Cases and controls in this analysis were well balanced on age, sex, residence and level of education (Table 1). The most common subtypes were CLL/SLL (35%), FL (23%) and DLBCL (19%).
Table 1. Characteristics of study participants, Mayo Case–Control Study of NHL, 2002–2008
Table 2 reports the results for antioxidant nutrients from foods. ORs reported below in the text are for lowest versus highest level unless noted otherwise. There were inverse associations for α-tocopherol (OR = 0.50; p-trend = 0.0002), β-carotene (OR = 0.58; p-trend = 0.0005), lutein/zeaxanthin (OR = 0.62; p-trend = 0.005), zinc (OR = 0.54; p-trend = 0.003) and chromium (OR = 0.68; p-trend = 0.032) with risk of NHL, while there were no statistically significant overall associations for vitamin C, other carotenoids (α-carotene, β-cryptoxanthin and lycopene), manganese or copper. For α-tocopherol and β-carotene, the inverse associations were observed for FL and DLBCL, but not for CLL/SLL, with statistical evidence for heterogeneity (p = 0.016 and p = 0.035, respectively). For lutein/zeaxanthin, zinc and chromium, the inverse associations were strongest for DLBCL, weaker for FL and weakest or null for CLL/SLL; however, there was no statistical evidence for heterogeneity by subtype for any of these antioxidants (all p ≥ 0.2). Finally, while there was no overall association of α-carotene with NHL risk, there was evidence for NHL subtype heterogeneity (p = 0.0001), such that there was a strong inverse association for DLBCL, a weaker inverse association for FL and a positive association for CLL/SLL (Table 2).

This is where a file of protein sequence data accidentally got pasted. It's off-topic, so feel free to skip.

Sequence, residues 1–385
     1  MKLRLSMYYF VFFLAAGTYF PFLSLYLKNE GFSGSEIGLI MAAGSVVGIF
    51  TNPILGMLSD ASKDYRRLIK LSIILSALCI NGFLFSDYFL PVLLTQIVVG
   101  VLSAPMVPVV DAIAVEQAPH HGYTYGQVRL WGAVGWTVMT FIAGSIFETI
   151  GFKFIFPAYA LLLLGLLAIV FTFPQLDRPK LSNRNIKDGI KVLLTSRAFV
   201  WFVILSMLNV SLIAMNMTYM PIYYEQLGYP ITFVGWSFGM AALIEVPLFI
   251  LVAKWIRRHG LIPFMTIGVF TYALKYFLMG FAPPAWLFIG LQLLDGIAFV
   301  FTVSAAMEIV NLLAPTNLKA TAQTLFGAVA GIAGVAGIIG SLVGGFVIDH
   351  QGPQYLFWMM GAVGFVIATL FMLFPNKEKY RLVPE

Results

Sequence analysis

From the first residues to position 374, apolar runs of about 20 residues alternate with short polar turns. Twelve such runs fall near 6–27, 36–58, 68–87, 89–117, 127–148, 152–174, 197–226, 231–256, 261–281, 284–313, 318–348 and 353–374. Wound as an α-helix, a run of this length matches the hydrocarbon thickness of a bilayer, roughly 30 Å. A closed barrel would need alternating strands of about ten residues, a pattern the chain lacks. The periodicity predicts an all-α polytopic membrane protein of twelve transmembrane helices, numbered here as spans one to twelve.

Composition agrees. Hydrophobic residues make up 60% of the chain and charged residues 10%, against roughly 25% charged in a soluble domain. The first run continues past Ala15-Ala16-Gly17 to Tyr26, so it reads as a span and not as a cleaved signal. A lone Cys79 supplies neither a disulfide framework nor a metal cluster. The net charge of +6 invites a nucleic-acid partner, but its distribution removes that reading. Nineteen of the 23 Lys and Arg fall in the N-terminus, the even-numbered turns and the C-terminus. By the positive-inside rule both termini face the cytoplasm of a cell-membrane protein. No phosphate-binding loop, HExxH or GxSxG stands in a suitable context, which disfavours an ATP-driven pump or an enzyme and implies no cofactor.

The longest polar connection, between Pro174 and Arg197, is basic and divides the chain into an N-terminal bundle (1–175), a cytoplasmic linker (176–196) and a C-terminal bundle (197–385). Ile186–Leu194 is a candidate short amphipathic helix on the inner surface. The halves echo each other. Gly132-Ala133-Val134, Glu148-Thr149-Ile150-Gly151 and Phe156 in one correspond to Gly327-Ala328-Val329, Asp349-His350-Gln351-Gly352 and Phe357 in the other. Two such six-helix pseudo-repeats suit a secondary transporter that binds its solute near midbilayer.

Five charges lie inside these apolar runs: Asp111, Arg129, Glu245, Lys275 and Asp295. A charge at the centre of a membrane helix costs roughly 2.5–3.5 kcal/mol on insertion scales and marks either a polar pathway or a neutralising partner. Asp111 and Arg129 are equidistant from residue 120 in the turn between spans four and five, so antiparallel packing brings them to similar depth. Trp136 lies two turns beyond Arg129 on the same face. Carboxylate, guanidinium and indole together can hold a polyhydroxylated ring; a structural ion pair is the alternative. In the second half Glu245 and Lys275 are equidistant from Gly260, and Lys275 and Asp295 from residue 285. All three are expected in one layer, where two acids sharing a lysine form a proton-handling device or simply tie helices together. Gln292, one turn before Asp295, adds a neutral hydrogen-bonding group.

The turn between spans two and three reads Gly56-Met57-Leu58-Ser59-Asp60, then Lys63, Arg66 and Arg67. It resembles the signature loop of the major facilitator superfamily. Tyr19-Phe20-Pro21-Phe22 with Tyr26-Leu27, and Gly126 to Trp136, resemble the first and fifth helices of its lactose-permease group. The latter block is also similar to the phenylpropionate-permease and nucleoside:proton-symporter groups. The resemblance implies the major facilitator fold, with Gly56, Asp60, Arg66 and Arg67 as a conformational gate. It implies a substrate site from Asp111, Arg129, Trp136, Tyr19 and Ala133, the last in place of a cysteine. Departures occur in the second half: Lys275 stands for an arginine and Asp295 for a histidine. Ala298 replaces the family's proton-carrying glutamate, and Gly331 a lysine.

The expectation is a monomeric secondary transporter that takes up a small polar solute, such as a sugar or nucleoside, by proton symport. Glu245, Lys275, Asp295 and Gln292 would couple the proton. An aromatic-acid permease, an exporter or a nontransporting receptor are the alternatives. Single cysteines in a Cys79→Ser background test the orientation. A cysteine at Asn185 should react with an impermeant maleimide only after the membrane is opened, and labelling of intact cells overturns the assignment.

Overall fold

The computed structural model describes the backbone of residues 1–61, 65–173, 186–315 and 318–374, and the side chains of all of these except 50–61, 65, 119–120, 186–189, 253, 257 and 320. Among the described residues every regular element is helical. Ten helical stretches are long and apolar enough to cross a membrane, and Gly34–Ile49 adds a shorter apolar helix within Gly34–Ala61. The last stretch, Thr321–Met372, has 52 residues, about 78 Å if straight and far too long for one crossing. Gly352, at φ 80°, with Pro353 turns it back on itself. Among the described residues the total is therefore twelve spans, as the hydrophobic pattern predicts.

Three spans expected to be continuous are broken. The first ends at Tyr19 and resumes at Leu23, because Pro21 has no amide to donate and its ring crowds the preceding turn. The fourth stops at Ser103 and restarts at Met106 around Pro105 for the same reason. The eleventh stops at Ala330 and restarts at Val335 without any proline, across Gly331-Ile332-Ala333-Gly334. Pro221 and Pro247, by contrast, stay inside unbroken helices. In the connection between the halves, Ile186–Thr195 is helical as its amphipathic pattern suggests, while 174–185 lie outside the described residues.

Table 2. Association of intake of antioxidant nutrients from foods with risk of NHL and selected subtypes, Mayo Clinic Case–Control Study, 2002–2008
The vast majority of cases (82%) and controls (84%) regularly used a multivitamin, and regular multivitamin use was not associated with risk of NHL (see supplemental table). We also obtained data on the specific use of supplemental vitamin C, α-tocopherol, β-carotene and zinc. When we added levels from multivitamins to dietary intake, the associations for total intake of these antioxidants with NHL risk were unchanged or slightly attenuated from the results for dietary intake only. Contributions of multivitamins to total lutein/zeaxanthin, α-carotene, manganese, chromium and copper were all small and did not affect the results based on dietary intake only (data not shown).
We next evaluated antioxidant intake based on ORAC summary measures with NHL risk (Table 3). There was an inverse association for total ORAC (OR = 0.61; p-trend = 0.003), and the inverse association was stronger for the lipophilic ORAC (OR = 0.48; p-trend = 0.0002) relative to the hydrophilic ORAC (OR = 0.61; p-trend = 0.003). Although the inverse associations were strongest for DLBCL, there were inverse trends for all subtypes, and there was no statistical evidence for etiologic heterogeneity by NHL subtype (all p ≥ 0.4).
Table 3. Association of total, hydrophilic and lipophilic oxygen radical absorbance capacity with risk of NHL and selected subtypes, Mayo Clinic Case–Control Study, 2002–2008